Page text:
At Yeshiva Tiferes Yisroel, an all-boys yeshiva in the Flatbush section of Brooklyn, everything — food, behavior, clothing — must be kosher. If school officials get their way, they’ll soon be adding one more thing to that list: at-home Internet browsing.
“We are following the dictates of our [rabbis] — that as human beings, we cannot trust ourselves,” said a letter sent out to parents, according to an August 22 article in the New York Post that outlined the school’s demand.
Administrators are asking not just that parents spy on their children’s Web habits (no problem there), but also that families install WebChaver, a software package that tracks the Internet activity of each person who uses a particular computer. A detailed log of browsing history, with sites ranked by likelihood of objectionability, is then e-mailed regularly to an external watchman — or “chaver.” (With chaverim like those….)
WebChaver’s mission is outlined on webchaver.org: “WebChaver is a non-profit organization dedicated to bringing Internet accountability to the greater Torah community.”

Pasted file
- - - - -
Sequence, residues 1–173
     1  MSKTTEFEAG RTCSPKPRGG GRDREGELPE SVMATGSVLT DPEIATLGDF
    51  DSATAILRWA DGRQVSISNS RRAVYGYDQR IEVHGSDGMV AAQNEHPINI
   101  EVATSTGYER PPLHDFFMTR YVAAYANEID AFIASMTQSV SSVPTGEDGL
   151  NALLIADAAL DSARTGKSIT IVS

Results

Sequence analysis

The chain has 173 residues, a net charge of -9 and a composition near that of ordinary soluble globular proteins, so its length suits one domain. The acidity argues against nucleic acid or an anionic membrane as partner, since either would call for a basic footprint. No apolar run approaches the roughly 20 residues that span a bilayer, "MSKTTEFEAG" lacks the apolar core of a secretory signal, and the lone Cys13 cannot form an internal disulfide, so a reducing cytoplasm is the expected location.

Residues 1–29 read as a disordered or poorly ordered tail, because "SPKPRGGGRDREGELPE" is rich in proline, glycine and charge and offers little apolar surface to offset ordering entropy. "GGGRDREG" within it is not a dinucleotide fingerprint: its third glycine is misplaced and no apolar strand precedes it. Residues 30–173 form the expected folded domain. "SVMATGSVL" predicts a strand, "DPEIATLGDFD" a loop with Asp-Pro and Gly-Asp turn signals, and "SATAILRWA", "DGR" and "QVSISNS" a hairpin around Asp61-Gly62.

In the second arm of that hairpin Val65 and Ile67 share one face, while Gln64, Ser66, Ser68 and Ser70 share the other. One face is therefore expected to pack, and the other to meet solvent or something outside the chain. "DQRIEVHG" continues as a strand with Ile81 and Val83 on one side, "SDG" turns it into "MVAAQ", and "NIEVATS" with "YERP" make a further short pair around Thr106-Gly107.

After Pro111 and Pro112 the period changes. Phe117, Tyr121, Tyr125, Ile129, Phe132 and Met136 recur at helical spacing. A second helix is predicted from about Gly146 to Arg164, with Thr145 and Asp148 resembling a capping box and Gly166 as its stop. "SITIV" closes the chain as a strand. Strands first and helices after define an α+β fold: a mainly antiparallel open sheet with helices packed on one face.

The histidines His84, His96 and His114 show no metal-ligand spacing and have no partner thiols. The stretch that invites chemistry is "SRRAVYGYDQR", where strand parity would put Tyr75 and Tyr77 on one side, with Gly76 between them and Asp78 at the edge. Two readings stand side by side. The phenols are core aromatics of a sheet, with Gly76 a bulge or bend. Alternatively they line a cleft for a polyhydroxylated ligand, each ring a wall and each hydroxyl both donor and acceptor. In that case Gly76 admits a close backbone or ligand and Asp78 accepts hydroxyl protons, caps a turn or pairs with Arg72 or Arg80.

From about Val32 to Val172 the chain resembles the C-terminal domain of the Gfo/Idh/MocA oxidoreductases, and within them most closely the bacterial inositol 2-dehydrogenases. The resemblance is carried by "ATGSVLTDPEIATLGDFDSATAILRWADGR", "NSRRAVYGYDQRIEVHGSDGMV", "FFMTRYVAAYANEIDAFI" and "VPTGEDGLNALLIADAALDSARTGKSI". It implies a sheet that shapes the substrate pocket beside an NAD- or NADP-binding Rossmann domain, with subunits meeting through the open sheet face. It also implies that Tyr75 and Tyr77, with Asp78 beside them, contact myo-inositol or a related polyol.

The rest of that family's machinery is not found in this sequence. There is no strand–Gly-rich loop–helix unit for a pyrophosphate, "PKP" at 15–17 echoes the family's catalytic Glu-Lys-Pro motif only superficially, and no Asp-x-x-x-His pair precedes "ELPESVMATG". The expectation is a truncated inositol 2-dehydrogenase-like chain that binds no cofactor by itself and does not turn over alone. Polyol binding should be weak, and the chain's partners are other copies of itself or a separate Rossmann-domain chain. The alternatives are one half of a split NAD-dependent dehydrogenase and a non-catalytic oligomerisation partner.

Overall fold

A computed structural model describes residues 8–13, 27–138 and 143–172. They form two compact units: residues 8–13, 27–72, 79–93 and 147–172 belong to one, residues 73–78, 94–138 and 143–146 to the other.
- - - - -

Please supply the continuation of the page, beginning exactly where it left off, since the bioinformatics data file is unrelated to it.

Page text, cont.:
Staff members at Covenant Eyes — the monitoring software used by the WebChaver package — offered some background. “The online environment can be dangerous,” Kevin Maginity, a representative of the company, told the Forward. “We provide an over-the-shoulder experience.”
Bernie Leslie, who leads new business development, worked with the team at WebChaver to launch the account. “They want to protect their communities, and we think it’s wonderful,” Leslie explained. “We wish more folks in more communities would do the same thing.”
But not everyone is so enthusiastic. The Post quoted one Tiferes Yisroel father: “I’m not paying $60 a year so they can monitor me. I don’t go to that school — my kids do.”
So why should the Tiferes Yisroel community cave in to the administration’s demands? Leslie offered her understanding of the relevant Halacha: “It’s because of the talmudic laws,” she said. “A man cannot be alone with a woman — even if the woman is on a screen.”